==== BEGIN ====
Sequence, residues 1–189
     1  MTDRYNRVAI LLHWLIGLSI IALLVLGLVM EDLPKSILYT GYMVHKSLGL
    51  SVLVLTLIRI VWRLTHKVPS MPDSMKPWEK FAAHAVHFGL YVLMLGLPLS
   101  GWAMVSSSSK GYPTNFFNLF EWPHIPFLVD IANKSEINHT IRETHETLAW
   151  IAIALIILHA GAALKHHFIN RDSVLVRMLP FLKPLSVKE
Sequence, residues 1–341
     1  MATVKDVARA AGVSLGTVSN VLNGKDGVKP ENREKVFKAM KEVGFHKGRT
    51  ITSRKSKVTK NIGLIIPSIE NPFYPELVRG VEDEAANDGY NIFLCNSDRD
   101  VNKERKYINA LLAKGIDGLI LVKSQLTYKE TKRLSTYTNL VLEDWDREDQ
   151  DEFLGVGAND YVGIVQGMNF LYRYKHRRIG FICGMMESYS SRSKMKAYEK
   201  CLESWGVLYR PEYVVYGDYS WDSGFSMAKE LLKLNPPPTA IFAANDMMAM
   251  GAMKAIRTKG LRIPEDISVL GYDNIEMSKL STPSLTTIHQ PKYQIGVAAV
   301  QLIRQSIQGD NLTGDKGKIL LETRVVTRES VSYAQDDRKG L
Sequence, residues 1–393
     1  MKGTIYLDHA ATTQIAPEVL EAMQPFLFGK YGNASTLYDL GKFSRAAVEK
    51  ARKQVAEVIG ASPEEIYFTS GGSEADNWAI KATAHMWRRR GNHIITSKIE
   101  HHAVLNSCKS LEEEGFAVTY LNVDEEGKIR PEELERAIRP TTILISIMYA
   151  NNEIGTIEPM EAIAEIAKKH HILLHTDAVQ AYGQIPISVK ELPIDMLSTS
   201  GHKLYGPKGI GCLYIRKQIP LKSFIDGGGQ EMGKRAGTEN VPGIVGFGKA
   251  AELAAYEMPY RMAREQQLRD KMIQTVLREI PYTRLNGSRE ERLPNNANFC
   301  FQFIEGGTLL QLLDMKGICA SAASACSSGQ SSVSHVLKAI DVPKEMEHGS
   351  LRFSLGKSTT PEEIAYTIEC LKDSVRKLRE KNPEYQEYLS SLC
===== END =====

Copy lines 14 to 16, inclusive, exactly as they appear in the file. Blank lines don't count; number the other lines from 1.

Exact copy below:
Sequence, residues 1–393
     1  MKGTIYLDHA ATTQIAPEVL EAMQPFLFGK YGNASTLYDL GKFSRAAVEK
    51  ARKQVAEVIG ASPEEIYFTS GGSEADNWAI KATAHMWRRR GNHIITSKIE